Group 3: What's the point of making drag and transgender so spectacular and campy? How are the road scene of landscape and encounters with outback gender normatives used as a backdrop for this gender extravagance and excess?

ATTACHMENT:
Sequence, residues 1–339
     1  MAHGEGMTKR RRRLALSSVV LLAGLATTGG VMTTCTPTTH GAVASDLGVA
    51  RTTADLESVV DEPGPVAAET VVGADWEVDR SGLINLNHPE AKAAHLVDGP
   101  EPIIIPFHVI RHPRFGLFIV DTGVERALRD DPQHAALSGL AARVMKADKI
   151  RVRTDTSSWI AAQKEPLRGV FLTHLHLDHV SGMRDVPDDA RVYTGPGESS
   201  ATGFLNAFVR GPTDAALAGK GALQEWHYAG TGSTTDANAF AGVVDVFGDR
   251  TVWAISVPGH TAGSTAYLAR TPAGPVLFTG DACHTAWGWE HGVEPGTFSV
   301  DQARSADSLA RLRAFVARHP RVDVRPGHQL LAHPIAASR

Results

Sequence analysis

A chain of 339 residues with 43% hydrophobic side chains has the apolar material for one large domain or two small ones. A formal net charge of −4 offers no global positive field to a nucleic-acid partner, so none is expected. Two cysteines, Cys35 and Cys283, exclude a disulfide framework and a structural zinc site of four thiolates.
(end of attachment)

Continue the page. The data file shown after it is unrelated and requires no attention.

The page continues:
In the film "The Adventures of Priscilla, Queen of the Desert" the main characters, Mitz, Felicia, and Bernadette, stand out excessively against the desolate backdrop of the desert. The point in doing this could be as simple as making a film completely over-the-top for the purposes of the audience shock factor, or it could be for a much deeper purpose. The three characters all take to the road for different reasons, leaving the acceptance of the city for the outback. Their bus named "Priscilla" is their refuge and encompasses their identities. It is large, over the top, complete with wardrobe, a fully stocked bar and all the glitz and glam that three drag queens could ever need. Throughout the movie, it is made clear that the "outback" is a place of homophobia and where unacceptance runs wild. While they do meet a few friends on the way, the majority of the outback world of suburbia does not understand drag, anf thus eventhough the three characters went on the trip seeking space, and freedom from the city, they instead find themselves even more confined and not accepted.